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Don't let his silence fool you

| June 4, 2021 1:00 AM

When elected officials don’t return phone calls from a reporter, it makes you wonder what they don’t want to talk about.

When Coeur d’Alene Fire Chief Kenny Gabriel doesn’t return calls from a reporter, you already know what he doesn’t want to talk about.

Himself.

To be clear, if there’s a major fire or other emergency, Chief Gabriel can always be reached. But when seeking comment about an almost unprecedented award bestowed on him? Crickets.

That theory was verified by Chief’s wife, Wendy, when a somewhat frustrated Press reporter was repeatedly ignored last week by the man who was honored for his dedication, expertise and endurance as a firefighter and as a leader.

Plain and simple, Kenny loves to put a spotlight on other deserving souls. Emphasis on “other.”

So The Press went to press without any further enlightenment from the honoree, which we suppose doesn’t really matter. Since 1984, when he started as a volunteer firefighter, and 2000, when he rose to the rank of Chief, Kenny Gabriel has let his leadership do his talking.

Chief Gabriel, for those who might not know, is much, much more than a fire chief. Over the decades of service, he has built a department known for top-of-the-chart excellence. Cooperation between first responders throughout the region is superb, and nobody deserves more credit for that than Chief Gabriel. Not that you’d ever hear him suggest such a thing.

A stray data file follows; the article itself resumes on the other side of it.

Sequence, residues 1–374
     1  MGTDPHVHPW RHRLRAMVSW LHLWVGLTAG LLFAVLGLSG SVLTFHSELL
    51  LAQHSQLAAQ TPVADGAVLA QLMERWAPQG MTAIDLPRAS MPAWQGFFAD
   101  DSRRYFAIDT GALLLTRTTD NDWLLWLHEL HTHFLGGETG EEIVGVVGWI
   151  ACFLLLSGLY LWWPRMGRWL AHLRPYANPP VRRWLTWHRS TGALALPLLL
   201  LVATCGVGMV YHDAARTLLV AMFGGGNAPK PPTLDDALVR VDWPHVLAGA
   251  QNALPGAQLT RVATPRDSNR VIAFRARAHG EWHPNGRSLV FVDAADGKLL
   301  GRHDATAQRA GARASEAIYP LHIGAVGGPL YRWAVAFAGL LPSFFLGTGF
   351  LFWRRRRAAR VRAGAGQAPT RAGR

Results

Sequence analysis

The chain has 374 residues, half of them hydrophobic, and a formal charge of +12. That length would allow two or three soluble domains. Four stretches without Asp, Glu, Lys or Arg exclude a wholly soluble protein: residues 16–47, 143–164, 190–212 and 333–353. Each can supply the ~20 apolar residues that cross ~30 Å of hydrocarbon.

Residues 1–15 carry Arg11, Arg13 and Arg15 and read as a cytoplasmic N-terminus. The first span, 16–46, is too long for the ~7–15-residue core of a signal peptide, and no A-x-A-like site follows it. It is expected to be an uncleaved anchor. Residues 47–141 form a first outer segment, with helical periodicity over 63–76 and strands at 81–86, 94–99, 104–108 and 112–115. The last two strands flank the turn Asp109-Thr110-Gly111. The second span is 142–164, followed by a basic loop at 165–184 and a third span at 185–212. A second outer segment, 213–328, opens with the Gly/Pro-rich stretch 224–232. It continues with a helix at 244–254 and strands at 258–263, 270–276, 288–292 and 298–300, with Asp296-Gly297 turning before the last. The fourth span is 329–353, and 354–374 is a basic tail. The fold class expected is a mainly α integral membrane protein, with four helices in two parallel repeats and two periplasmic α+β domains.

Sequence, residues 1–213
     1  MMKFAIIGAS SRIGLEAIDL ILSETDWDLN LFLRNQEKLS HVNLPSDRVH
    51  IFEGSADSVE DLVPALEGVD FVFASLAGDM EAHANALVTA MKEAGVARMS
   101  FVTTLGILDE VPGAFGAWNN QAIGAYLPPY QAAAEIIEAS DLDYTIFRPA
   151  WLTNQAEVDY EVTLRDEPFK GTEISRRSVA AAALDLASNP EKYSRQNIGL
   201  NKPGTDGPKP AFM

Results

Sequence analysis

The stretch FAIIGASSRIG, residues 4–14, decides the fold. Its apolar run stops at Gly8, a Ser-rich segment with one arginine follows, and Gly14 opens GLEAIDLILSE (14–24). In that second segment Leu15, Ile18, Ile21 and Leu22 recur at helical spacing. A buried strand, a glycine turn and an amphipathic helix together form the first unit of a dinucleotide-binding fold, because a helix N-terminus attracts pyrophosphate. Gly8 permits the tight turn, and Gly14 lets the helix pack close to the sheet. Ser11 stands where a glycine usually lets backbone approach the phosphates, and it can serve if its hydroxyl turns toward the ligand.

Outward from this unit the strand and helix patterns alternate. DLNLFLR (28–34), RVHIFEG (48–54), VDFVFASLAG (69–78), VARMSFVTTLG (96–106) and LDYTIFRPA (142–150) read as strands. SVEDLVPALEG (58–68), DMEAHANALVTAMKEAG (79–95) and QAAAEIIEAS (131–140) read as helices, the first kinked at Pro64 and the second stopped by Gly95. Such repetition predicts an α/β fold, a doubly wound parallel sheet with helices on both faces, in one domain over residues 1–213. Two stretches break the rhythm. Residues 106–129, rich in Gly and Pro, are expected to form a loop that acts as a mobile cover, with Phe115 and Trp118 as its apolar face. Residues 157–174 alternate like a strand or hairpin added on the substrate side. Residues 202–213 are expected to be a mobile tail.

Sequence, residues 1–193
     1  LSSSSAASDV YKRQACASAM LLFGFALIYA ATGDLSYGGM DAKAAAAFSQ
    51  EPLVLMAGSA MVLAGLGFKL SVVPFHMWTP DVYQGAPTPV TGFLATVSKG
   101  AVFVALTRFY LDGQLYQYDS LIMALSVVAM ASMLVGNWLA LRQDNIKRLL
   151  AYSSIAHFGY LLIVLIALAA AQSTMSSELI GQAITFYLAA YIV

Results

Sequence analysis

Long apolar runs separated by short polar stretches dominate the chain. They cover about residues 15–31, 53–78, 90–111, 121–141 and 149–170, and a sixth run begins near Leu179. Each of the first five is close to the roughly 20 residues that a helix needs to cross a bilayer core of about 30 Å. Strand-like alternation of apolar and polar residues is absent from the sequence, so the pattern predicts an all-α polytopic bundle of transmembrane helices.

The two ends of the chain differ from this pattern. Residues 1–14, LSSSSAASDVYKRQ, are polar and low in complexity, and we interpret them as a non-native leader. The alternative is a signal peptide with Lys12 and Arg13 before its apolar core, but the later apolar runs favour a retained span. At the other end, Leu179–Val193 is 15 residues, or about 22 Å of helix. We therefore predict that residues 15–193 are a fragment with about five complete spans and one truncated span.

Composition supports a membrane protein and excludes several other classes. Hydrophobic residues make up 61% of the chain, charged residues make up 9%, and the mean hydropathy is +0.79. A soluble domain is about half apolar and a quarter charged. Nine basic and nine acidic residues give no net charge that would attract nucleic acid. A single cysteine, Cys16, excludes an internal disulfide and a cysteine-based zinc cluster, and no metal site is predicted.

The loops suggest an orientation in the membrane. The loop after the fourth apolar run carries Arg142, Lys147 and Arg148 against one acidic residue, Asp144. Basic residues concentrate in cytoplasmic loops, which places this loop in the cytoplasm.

Another detail some of you might not know is how much Chief Gabriel cares for his community. He has developed relationships with people that transcend any duties of a fire chief. Strong, silent type, maybe, but when there’s a need, the towering figure of Chief Gabriel always seems to loom near.

All of these things were understood by the Idaho Fire Chiefs Association, which bestowed only the second Lifetime Achievement Award in its 52-year history on Kenny Gabriel.

This outstanding honor was all the more enjoyable because, unbeknownst to the recipient, his family was watching over his shoulder during his acceptance speech in Sun Valley. Wendy gathered the crew and surprised him by dropping in on the festivities via Zoom.

In a world overpopulated with inflated egos and self-aggrandizers, with those of big mouth and small brain, it’s a joy to know people who are so deeply immersed in the business of public service that you don’t even notice their astounding achievements until someone else points them out.

That’s you, Chief.

And now the entire community is looking over your shoulder, applauding.